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Thread: What's the proper technique for firing a PCA?

  1. #41
    Junior Member TColling's Avatar
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    SCI-Nurse is right about that: for now, non-medical in-home care workers in California are not required to be licensed or background checked or TB tested or anything, whether they work independently or through an agency.

    There is a bill working its way through the California legislature right now (SB411) that would require that in-home care workers who are employees of home care companies would be TB-tested and fingerprint-checked.

    However, SB411 only applies to those workers who are employees of such companies, and it requires that the companies pay all the costs of those TB test and fingerprint checks. It also imposes a $145/year license fee on each employee caregiver AND it requires the employer companies to pay for those licenses.

    The employer companies will have to raise the rates they charge in order to pay for any such costs that are new. For example, my company, which acts as the employer of the caregivers we send to help clients in their homes, already DOES do TB testing and fingerprint checking, and already DOES pay for the cost of those items. There's no legal requirement for us to do TB testing or fingerprint checking, but we think it's just the right thing to do and so we do it.

    It costs us around $100 for each new employee to do this, and then $20 per year after that for the TB re-test that we (again, voluntarily,) do. We don't have to re-do the fingerprint check annually because the system we use, the California Department of Justice system, notifies us if anyone is arrested after we have obtained a fingerprint check on them.

    The new SB411 mandate to pay for the individual workers' annual license fees will increase our costs and will have to be passed on to clients in the form of increased fees.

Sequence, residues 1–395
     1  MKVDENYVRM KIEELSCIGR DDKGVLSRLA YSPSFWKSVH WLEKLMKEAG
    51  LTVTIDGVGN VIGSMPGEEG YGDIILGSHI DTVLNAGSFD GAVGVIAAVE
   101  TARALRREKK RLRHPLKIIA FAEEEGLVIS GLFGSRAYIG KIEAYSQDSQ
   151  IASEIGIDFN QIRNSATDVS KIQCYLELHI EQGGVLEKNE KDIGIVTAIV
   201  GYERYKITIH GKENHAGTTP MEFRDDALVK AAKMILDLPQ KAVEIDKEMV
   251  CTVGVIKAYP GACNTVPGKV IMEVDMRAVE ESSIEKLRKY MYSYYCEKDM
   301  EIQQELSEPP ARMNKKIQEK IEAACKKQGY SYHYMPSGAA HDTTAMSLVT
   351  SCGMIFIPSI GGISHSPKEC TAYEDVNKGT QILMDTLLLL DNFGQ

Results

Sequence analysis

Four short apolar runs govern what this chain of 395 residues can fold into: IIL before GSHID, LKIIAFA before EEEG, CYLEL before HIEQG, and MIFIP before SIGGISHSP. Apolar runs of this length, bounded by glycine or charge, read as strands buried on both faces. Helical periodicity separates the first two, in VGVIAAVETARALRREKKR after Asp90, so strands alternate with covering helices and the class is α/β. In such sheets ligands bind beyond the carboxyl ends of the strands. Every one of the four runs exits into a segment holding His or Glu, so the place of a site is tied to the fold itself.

Persons working privately on their own, or through companies that are "referral agencies" that don't treat them as employees, would not be covered, so the main impact of SB411 may be to drive more clients to use privately hired or referral agency-based unlicensed, un-fingerprinted, and un-TB tested workers in order to afford care, and perhaps unwittingly become the employers of those caregivers, responsible for employer taxes and withholding and workers compensation liability. <sigh>

    - Tim
    Last edited by TColling; 02-22-2012 at 11:22 AM.

  2. #42

    PCA update

    Quote Originally Posted by Uncle Peter View Post
    Even with long-term care insurance, I'm going broke.

    My day PCA gets $18 per hour and insists on a guaranteed 18 to 19 hours a week, even if she goes home early most days and actually works about 13-15 hours. Her favorite words are "that's not my job."

    My night PCA, who can mow the lawn, shovel snow, change lightbulbs and install smoke detectors, do wheelchair repairs, wash my car and shop for me in addition to his regular duties, says he can do double duty at $15 an hour because he needs the money.

    What should I do, folks?
    I finally fired her.

  3. #43
    Super Moderator Sue Pendleton's Avatar
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    Probably feels like a relief at this point, eh?
    Courage doesn't always roar. Sometimes courage is the quiet voice at the end of the day saying, "I will try again tomorrow."

    Disclaimer: Answers, suggestions, and/or comments do not constitute medical advice expressed or implied and are based solely on my experiences as a SCI patient. Please consult your attending physician for medical advise and treatment. In the event of a medical emergency please call 911.

  4. #44
    Senior Member elarson's Avatar
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    Good for you. Hold onto the good one!
    Quote Originally Posted by Uncle Peter View Post
    I finally fired her.
    Partner of an incredible stroke survivor. Limitations: hemiparesis and neglect (functional paralysis and complete lack of awareness on one side). Equipment: TiLite ZRA 2 and 2GX, Spinergy ZX-1, RioMobility Firefly. Knowledge: relative newbie for high-level equipment (2012), but willing to try to help others who are new with similar limitations (definitely not a guru, but inquisitive).

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